HATEOAS

Preface: HATEOAS — An Alternative Explanation

This page is a reworking on the Wikipedia Entry on HATEOAS, which uses JSON. Here we use HTML to explain the concept, and contrast it with JSON APIs. It is a more opinionated explanation of the concept than would be appropriate for Wikipedia, but it is more correct in our opinion.

Hypermedia as the Engine of Application State (HATEOAS) is a constraint of the REST application architecture that distinguishes it from other network application architectures.

With HATEOAS, a client interacts with a network application whose application servers provide information dynamically through hypermedia. A REST client needs little to no prior knowledge about how to interact with an application or server beyond a generic understanding of hypermedia.

By contrast, today JSON-based web clients typically interact through a fixed interface shared through documentation via a tool such as swagger.

The restrictions imposed by HATEOAS decouples client and server. This enables server functionality to evolve independently.

Example

A user-agent that implements HTTP makes a HTTP request of a REST end point through a simple URL. All subsequent requests the user-agent may make are discovered within the hypermedia responses to each request. The media types used for these representations, and the link relations they may contain, are standardized. The client transitions through application states by selecting from links within a hypermedia representation or by manipulating the representation in other ways afforded by its media type.

In this way, RESTful interaction is driven by hypermedia, rather than out-of-band information.

A concrete example will clarify this. Consider this GET request, issued by a web browser, which fetches a bank account resource:

GET /accounts/12345 HTTP/1.1
Host: bank.example.com

The server responds with a hypermedia representation using HTML:

HTTP/1.1 200 OK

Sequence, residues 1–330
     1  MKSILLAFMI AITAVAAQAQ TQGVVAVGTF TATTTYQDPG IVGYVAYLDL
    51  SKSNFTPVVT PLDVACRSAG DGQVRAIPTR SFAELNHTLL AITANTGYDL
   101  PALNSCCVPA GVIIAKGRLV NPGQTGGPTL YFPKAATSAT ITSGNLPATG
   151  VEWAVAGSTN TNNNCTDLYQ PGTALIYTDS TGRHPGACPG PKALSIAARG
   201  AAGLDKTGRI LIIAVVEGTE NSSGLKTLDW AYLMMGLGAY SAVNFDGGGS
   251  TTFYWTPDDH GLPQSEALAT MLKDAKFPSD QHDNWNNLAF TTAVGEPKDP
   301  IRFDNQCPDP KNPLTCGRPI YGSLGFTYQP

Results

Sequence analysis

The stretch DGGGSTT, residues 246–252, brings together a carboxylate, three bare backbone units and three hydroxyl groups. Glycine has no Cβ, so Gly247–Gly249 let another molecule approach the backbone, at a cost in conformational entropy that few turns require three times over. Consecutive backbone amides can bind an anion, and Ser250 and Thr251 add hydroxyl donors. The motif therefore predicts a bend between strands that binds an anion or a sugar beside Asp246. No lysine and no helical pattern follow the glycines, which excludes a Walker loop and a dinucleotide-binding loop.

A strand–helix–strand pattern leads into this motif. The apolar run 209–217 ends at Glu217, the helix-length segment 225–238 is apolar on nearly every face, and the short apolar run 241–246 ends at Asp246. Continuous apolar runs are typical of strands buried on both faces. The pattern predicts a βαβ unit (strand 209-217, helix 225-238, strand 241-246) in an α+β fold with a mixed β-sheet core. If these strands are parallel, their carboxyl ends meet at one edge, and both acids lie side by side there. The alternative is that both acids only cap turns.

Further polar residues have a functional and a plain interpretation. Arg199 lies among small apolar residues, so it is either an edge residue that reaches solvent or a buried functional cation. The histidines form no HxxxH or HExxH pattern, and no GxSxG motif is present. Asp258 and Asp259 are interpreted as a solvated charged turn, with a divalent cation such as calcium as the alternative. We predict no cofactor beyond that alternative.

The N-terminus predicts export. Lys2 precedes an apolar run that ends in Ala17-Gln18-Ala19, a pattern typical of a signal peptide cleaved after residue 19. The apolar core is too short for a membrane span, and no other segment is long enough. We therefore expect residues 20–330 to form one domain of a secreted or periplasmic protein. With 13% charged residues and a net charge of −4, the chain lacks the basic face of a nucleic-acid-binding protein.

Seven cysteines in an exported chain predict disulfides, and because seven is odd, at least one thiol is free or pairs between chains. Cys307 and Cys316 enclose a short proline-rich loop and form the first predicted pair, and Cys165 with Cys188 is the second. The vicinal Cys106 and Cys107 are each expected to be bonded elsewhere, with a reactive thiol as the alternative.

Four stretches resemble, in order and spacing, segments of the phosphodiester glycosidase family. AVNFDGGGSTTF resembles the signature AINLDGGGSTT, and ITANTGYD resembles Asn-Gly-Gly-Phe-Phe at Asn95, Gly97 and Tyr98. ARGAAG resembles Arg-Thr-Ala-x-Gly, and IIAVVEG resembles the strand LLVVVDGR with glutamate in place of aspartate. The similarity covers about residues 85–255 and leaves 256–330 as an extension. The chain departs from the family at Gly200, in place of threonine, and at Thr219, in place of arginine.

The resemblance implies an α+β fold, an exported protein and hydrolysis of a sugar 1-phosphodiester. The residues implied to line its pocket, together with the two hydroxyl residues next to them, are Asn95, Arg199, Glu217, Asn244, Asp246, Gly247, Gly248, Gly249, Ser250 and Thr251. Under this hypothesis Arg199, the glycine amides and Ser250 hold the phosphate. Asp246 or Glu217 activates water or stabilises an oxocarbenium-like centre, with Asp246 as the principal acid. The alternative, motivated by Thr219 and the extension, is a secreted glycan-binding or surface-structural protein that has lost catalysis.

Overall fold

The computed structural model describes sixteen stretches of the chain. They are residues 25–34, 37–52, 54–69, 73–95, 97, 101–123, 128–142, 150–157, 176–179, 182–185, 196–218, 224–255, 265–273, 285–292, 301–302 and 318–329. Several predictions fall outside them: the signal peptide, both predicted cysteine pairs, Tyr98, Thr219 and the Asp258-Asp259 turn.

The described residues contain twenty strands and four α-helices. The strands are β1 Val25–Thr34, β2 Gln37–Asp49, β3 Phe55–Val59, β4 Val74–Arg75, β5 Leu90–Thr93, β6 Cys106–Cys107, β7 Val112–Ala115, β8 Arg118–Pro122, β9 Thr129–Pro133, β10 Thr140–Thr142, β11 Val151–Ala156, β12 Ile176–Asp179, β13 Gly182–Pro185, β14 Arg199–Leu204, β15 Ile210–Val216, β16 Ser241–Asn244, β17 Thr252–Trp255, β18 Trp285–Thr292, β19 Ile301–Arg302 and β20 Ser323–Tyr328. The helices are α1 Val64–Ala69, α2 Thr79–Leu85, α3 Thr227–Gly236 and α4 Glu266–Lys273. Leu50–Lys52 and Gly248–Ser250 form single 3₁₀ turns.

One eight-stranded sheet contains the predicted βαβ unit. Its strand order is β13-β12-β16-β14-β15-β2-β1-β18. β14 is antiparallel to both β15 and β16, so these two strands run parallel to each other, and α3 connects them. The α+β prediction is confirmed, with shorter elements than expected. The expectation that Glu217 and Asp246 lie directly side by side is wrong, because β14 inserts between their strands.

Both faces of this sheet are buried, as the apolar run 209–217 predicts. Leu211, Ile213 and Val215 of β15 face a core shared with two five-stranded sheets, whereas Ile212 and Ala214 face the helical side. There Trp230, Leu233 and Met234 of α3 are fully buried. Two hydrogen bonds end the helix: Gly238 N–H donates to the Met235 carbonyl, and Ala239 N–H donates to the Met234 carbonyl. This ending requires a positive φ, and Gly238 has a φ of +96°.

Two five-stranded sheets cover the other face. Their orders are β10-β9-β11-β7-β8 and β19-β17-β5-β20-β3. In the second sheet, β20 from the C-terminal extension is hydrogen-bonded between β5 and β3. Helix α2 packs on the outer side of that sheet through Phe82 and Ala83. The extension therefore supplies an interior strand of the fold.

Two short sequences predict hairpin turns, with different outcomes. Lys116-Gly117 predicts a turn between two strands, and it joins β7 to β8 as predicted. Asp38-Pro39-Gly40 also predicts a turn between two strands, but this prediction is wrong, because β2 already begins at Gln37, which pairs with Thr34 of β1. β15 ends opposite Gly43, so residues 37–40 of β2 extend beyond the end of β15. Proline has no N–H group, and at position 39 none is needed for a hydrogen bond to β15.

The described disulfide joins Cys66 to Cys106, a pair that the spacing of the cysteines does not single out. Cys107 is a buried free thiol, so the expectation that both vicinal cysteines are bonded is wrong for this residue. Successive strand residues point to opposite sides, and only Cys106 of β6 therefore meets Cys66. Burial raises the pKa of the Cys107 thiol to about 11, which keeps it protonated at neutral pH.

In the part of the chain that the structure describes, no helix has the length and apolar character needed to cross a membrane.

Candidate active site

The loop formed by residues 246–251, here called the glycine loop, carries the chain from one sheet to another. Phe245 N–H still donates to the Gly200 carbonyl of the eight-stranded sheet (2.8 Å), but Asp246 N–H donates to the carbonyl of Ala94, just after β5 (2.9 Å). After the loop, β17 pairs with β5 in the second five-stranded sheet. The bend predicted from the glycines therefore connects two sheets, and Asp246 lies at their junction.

<html>
  <body>
    <div>Account number: 12345</div>
    <div>Balance: $100.00 USD</div>
    <div>Links:
        <a href="/accounts/12345/deposits">deposits</a>
        <a href="/accounts/12345/withdrawals">withdrawals</a>
        <a href="/accounts/12345/transfers">transfers</a>
        <a href="/accounts/12345/close-requests">close-requests</a>
    </div>
  <body>
</html>

The response contains following possible follow-up actions: navigate to a UI to enter a deposit, withdrawal, transfer, or to close request (to close the account).

Consider the situation at a later point, after the account has been overdrawn. Now, a different set of links are available due to this account status change.

HTTP/1.1 200 OK

<html>
  <body>
    <div>Account number: 12345</div>
    <div>Balance: -$50.00 USD</div>
    <div>Links:
        <a href="/accounts/12345/deposits">deposits</a>
    </div>
  <body>
</html>

Only one link is available: to deposit more money. In the accounts current overdrawn state the other actions are not available, and this fact is reflected internally in the hypermedia. The web browser does not know about the concept of an overdrawn account or, indeed, even what an account is. It simply knows how to present hypermedia representations to a user.

Hence we have the notion of the Hypermedia being the Engine of Application State. What actions are possible varies as the state of the resource varies and this information is encoded in the hypermedia.

Contrast the HTML response above with a typical JSON API which, instead, might return a representation of the account with a status field:

HTTP/1.1 200 OK

{
    "account": {
        "account_number": 12345,
        "balance": {
            "currency": "usd",
            "value": -50.00
        },
        "status": "overdrawn"
    }
}